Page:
They're a private company. They're under no obligation to provide the public with their financial data.
I don't buy it.
I can understand some other website believing TPB's a penniless, selfless endeavor but people here should be able to translate "top 100 website" and "multiple ads per page" into more than just operating expenses. It's not like they're YouTube serving terabytes of traffic a second, they also have no support, no shipping, and of course they sure don't have any expense producing content.
The difference between these types of people (the merchants, builders, etc.) and the Pirate Bay is that the merchants give a portion of their profit back to the people that they are profiting off of. The Pirate Bay does not pay a single penny to the owners of the music that they dispense.
No. Do you know how a supermarket works? They have deals with various vendors and the vendors willingly put their products in the store. The vendors also get a cut when their product sells.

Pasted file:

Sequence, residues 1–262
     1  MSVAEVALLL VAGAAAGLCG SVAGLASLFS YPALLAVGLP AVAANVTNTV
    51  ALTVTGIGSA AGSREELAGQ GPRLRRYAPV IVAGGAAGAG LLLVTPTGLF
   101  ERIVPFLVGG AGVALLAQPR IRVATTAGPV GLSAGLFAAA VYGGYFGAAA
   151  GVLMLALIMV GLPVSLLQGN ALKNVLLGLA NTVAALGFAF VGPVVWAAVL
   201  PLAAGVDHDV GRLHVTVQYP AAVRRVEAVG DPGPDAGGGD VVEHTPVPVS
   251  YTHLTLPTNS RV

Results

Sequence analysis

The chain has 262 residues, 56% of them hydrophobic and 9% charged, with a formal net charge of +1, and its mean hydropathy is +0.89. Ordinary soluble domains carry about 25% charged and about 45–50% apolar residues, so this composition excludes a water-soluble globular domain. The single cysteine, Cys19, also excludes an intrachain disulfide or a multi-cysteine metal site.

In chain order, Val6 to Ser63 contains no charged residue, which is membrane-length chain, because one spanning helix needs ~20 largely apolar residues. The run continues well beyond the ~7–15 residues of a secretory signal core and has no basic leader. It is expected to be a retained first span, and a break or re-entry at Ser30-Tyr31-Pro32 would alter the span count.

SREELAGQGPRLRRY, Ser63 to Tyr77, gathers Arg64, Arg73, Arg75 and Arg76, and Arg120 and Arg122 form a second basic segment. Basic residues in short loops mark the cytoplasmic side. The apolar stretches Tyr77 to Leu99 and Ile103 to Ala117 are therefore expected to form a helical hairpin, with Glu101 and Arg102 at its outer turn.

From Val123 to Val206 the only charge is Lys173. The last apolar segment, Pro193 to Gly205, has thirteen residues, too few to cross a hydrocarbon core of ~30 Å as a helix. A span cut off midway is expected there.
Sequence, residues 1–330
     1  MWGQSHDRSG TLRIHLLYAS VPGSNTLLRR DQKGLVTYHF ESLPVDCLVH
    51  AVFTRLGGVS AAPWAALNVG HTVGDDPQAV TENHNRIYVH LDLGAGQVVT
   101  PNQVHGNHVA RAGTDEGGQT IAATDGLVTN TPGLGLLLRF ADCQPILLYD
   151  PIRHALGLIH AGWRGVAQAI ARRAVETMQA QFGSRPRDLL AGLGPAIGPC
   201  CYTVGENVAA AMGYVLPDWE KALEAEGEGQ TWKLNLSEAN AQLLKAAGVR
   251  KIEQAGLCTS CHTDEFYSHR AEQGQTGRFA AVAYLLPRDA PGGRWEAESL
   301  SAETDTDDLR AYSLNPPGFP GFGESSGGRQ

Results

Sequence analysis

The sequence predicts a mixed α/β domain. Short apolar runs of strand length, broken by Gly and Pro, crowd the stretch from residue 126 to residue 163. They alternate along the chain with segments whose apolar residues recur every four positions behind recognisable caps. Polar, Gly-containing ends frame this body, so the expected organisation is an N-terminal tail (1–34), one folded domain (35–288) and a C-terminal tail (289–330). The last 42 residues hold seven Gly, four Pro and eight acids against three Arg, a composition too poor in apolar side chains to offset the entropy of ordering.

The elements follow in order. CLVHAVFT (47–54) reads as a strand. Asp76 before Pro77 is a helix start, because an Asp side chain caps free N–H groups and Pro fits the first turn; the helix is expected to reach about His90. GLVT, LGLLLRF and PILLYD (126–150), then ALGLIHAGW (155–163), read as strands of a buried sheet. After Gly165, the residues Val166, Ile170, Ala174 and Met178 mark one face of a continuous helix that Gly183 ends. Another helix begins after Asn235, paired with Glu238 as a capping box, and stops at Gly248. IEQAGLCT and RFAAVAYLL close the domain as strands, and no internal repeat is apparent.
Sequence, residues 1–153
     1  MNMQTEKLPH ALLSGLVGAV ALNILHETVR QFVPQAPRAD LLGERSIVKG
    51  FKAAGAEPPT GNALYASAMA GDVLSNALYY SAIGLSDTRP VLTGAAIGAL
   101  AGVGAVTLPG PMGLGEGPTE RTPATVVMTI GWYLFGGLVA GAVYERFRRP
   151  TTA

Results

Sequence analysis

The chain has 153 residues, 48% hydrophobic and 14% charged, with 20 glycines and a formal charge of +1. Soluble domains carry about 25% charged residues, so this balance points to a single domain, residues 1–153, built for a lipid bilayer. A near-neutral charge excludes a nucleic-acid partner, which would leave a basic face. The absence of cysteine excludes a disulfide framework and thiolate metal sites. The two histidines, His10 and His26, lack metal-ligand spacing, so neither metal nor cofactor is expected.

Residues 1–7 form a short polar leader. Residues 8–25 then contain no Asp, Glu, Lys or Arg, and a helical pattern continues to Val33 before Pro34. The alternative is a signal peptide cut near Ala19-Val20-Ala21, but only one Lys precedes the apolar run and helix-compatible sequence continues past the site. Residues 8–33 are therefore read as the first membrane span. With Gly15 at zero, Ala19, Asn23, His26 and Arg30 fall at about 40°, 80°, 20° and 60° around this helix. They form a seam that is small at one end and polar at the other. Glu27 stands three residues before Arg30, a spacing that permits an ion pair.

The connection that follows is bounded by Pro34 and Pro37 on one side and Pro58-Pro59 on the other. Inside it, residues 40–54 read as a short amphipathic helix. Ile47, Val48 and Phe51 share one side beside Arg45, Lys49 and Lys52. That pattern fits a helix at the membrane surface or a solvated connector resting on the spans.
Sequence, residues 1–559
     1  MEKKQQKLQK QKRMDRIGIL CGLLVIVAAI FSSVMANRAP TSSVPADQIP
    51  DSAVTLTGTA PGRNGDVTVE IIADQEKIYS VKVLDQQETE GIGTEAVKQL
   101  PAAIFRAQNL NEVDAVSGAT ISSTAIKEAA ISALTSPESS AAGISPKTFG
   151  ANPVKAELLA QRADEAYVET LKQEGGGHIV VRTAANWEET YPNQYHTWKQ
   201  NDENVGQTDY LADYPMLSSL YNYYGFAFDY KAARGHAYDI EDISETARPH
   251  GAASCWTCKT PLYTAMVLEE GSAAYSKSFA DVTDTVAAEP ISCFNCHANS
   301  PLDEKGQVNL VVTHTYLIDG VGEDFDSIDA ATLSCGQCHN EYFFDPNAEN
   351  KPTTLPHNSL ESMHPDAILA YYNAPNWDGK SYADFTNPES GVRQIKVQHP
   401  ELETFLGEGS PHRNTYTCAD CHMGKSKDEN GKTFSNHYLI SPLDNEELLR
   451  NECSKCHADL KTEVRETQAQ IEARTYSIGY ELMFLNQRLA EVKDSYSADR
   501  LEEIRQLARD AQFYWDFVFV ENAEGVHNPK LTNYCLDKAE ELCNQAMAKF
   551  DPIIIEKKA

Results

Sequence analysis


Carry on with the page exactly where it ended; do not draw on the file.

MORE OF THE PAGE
The pirate bay, on the other hand, makes money by giving free access against the wishes of the original authors. Those authors get absolutely noting out of it and the "non profit" funds a very nice lifestyle.
Here's what one of these original authors, Dan Bull, has to say: "I want to hear why Geoff Taylor is causing the closure of The Promo Bay, a wonderful feature which gives unsigned musicians the exposure that the BPI's affiliates never will. In the same week that The Pirate Bay allowed an unsigned musician to hit the charts, the BPI has had The Pirate Bay blocked - supposedly to protect the interests of artists like me. It is bullshit. We don't need the BPI"
Some stats about Dan's campaign.
In 3 days TPB = 55k unique visits for Dan's landing website from which 10k unique people clicked on paid links generating potentially (probably) thousands of pounds worth of revenue for the media industry.
More than double the number of people who clicked on a free download link, clicked on a paid download link.
Of course, you can say the value of a supermarket is to bring your product's awareness to the mass market. Which is very true, because it gains a lot of visibility.
And that's exactly what something like TPB does: it gives visibility to the different creations. It's just like radio: you get to enjoy free music, with ads. Only a small minority will actually buy the CD and go to the concert, but this is still worth it. TPB a radio for files. Whether they pay the creators or not is irrelevant. It still provides "value" to the creators in the first place by spreading their creations in the Netspace.